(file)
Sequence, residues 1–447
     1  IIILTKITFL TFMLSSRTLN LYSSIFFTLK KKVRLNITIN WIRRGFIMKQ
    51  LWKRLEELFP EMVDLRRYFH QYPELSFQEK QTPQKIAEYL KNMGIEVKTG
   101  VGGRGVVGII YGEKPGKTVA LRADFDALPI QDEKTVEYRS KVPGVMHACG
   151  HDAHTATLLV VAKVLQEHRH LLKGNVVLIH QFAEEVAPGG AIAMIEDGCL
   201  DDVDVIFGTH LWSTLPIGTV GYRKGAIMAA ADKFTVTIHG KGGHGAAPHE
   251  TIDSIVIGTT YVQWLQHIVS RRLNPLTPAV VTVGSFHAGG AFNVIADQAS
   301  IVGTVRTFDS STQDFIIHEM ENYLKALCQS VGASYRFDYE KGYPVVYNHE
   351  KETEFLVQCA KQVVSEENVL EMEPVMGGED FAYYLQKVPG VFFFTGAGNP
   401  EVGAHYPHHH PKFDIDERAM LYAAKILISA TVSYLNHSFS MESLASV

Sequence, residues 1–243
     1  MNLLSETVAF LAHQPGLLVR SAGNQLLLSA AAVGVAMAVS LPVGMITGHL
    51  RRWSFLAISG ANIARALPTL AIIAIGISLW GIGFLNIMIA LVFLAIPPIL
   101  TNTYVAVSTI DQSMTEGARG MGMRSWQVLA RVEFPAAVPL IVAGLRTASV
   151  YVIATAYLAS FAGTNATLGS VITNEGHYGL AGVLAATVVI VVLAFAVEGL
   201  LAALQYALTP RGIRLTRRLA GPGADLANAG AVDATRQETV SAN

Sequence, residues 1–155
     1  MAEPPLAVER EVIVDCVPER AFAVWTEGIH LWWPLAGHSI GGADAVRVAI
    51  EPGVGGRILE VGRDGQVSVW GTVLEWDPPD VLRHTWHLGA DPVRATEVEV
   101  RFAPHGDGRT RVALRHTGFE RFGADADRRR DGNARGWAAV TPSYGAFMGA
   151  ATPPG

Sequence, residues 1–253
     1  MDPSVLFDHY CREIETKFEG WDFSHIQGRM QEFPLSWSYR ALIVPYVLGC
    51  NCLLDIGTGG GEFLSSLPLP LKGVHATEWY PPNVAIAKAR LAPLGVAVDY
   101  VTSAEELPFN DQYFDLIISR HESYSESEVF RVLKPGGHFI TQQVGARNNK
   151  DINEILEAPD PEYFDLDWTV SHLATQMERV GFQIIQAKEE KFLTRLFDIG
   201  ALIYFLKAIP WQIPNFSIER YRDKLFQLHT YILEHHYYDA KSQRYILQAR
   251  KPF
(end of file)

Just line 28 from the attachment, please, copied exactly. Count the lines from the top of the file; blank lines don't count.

   251  KPF